Streaming Options Impact Bandwidth Consumption Rankings

With the dramatic increase in the amount of video streaming from Internet-based apps, Netflix has ceded its position as the No. 1 consumer of bandwidth. That’s according to Sandvine’s 2019 Global Internet Phenomena Report, which added that HTTP media streaming accounted for 12.8 percent of downstream Internet traffic globally in the first six months of 2019, whereas Netflix accounted for 12.6 percent. In the Americas, Netflix’s downstream traffic in the same period dropped to 12.9 percent from last year’s 19.1 percent. Continue reading Streaming Options Impact Bandwidth Consumption Rankings

WPA2 Wi-Fi Flaw Revealed, Android & Linux Most Vulnerable

According to researchers, the WPA2 protocol for Wi-Fi connectivity contains a significant weakness that makes it vulnerable to attackers. A hacker within range of connected devices would reportedly be able to exploit this weakness to hijack passwords, emails and other “encrypted” data, or even place ransomware into a website the user is visiting. The research, which has been ongoing for weeks, reveals that the WPA2 core vulnerability could affect operating systems and devices including Android, Linux, OpenBSD, MediaTek, Linksys, macOS and Windows. Continue reading WPA2 Wi-Fi Flaw Revealed, Android & Linux Most Vulnerable

Google, IBM and Lyft Debut Istio to Streamline Microservices

Google, IBM and Lyft have come together for Istio, an open-source project to consolidate microservice management and security. Microservices are a nascent sector whereby large application software is discrete and independent modular services can be combined to form more complex applications. Red Hat, Pivotal, Weaveworks and Tigera are early supporters. So-called “service orientation” actually has a history, with BEA, IBM, Oracle, Microsoft and TIBCO promoting a service orientation for applications. Continue reading Google, IBM and Lyft Debut Istio to Streamline Microservices

Half of Web Traffic Now Encrypted as Websites Adopt HTTPS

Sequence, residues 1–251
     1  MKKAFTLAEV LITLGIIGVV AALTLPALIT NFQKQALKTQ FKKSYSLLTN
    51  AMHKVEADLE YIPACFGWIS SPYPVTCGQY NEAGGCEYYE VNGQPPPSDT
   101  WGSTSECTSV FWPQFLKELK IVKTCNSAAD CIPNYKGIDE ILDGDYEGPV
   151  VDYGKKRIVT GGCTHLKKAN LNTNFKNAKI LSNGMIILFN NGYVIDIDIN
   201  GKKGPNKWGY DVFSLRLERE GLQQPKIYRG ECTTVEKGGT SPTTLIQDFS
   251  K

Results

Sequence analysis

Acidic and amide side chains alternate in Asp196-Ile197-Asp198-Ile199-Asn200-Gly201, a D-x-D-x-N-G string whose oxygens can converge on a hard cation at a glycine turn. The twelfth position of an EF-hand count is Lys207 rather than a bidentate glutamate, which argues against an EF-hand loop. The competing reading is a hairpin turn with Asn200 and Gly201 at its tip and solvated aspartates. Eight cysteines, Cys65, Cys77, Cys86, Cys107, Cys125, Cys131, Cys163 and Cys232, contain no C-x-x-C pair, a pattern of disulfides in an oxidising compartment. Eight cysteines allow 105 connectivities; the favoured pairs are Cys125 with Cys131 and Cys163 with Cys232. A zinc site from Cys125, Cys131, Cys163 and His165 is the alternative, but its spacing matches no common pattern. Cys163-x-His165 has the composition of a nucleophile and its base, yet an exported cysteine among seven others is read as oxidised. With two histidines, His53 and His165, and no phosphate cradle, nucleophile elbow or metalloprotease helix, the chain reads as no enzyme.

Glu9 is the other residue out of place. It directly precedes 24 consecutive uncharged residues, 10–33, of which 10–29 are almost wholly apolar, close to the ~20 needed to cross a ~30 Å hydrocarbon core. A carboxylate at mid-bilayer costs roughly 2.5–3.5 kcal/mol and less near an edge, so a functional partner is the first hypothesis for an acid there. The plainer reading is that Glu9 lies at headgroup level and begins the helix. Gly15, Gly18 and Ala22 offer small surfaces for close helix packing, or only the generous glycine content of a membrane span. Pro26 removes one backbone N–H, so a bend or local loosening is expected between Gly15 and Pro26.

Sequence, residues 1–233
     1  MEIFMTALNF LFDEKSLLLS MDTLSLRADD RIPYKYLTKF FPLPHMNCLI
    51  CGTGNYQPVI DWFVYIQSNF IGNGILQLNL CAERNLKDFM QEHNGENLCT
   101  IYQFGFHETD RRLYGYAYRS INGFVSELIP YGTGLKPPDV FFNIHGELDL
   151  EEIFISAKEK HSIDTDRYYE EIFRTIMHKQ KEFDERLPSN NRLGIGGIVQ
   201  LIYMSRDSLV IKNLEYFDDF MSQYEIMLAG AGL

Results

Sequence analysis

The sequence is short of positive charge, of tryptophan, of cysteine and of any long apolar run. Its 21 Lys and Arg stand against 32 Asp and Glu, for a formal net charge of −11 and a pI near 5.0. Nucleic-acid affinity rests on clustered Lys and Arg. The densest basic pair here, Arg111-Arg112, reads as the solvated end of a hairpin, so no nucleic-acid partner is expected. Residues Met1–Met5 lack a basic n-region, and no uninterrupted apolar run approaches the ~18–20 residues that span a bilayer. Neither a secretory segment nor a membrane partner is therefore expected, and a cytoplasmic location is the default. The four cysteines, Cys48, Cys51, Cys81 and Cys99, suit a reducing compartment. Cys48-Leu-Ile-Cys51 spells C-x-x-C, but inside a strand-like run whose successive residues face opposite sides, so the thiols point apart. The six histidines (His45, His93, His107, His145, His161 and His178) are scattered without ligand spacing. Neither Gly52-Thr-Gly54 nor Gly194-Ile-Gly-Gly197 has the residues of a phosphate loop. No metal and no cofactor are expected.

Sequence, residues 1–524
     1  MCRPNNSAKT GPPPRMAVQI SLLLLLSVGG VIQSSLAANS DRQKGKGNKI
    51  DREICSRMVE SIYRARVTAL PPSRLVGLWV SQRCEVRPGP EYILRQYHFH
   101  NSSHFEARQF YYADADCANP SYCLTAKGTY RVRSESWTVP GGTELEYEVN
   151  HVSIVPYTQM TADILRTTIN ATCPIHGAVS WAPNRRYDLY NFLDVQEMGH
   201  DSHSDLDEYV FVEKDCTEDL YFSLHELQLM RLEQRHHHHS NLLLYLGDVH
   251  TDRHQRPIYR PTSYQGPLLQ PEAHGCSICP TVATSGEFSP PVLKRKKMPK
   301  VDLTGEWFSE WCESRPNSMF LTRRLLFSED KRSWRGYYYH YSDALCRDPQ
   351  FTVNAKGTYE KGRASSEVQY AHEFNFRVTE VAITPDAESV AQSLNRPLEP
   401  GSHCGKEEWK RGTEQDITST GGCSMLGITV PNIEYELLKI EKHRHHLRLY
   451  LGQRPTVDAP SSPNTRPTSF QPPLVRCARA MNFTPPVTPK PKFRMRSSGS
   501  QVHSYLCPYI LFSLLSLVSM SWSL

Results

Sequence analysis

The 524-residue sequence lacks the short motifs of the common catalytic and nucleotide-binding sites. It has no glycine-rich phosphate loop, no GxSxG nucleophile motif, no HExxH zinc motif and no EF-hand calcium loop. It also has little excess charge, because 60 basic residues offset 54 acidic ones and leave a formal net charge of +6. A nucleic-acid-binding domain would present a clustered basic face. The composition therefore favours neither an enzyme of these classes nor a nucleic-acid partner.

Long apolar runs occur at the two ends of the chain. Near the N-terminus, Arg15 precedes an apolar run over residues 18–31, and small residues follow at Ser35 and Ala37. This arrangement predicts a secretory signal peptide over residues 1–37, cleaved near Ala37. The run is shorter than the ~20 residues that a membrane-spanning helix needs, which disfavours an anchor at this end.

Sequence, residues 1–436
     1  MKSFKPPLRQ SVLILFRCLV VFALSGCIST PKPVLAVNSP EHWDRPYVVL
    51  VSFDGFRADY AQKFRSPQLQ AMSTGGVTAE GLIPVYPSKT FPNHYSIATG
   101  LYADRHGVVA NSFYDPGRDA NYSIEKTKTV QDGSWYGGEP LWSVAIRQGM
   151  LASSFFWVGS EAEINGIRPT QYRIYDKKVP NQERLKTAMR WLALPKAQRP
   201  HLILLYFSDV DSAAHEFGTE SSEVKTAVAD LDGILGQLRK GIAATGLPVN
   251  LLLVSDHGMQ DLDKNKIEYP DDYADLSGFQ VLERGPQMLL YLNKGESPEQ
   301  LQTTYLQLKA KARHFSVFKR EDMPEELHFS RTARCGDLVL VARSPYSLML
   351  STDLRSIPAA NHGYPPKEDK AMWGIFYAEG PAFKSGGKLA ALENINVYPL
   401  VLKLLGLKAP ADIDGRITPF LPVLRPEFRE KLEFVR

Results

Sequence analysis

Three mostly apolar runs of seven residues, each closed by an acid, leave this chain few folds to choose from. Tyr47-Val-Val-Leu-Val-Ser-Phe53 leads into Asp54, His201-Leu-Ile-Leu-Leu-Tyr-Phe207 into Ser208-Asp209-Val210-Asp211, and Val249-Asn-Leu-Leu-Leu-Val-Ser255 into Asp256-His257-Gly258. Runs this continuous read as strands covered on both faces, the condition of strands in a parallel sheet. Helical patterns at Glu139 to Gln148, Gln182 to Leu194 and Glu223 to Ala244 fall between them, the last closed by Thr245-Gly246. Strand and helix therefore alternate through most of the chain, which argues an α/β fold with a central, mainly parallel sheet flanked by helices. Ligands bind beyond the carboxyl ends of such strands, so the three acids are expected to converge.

A new report from rights organization Electronic Frontier Foundation (EFF) found that half of today’s Web’s traffic is now protected by encryption. The increased adoption of HTTPS is largely a result of efforts from big tech companies, like Google and Facebook, and an increased awareness of government surveillance. Google started factoring whether a website was on HTTPS or HTTP into its algorithm. WordPress, one of the biggest Web hosting providers, switched to HTTPS last year. Continue reading Half of Web Traffic Now Encrypted as Websites Adopt HTTPS

Chrome Tightens Up Security Warnings for Unencrypted Sites

In January, Chrome will begin placing a “not secure” warning on the left of its address bar for websites that do not use strong HTTPS-connected encryption, which accounts for nearly half of the world’s existing sites. Up until then, Chrome has only posted warnings on HTTPS sites with faulty encryption. Later in 2017, Chrome plans to expand the categories of sites for which it will issue warnings, including any unencrypted pages visited via Chrome’s Incognito and any HTTP site offering downloads. Continue reading Chrome Tightens Up Security Warnings for Unencrypted Sites

Engineers Defaulting to Encrypted Browsing for the Internet

The engineers behind the Internet Engineering Task Force are responding to public outcry over Internet surveillance by encrypting Web traffic with plans for a revamped system by the end of next year. In light of National Security Agency contractor Edward Snowden’s exposure of the agency’s mass Internet surveillance, the effort will introduce the default of encryption in Internet browsing, intended to reduce the ease of snooping. Continue reading Engineers Defaulting to Encrypted Browsing for the Internet

Carrier IQ Responds with Claim its Software Only Monitors Service Messages

  • Earlier this week, ETCentric featured a PC World article that claimed “an app called Carrier IQ is logging literally everything you are doing on your smartphone including keystrokes, SMS messages and HTTPS sessions.”
  • The network diagnostic tool maker has since told AllThingsD it does not log or understand keystrokes but only monitors them looking for a specific code that support technicians use to cue appropriate diagnostic information.
  • CIQ also noted that it does not read SMS messages or content associated with website URLs even though it can see messages come in or capture URLs.
  • “Okay. Then what information is being captured and passed along to the carriers who use Carrier IQ?” asks AllThingsD. “Data related to call quality, battery life, device crashes — everything you’d expect, really.”
  • Andrew Coward of Carrier IQ explains, “If there’s a dropped call, the carriers want to know about it. So we record where you were when the call dropped and the location of the tower being used… Similarly, if you send an SMS to me and it doesn’t go through, the carriers want to know that, too. And they want to know why — if it’s a problem with your handset or the network.”
  • According to a related Ars Technica article, Apple has issued a statement hoping to curb fears about tracking via the iPhone and iPad: “We stopped supporting Carrier IQ [a piece of software that tracks user activity] with iOS 5 in most of our products, and we’re going to remove it completely in a future software update.”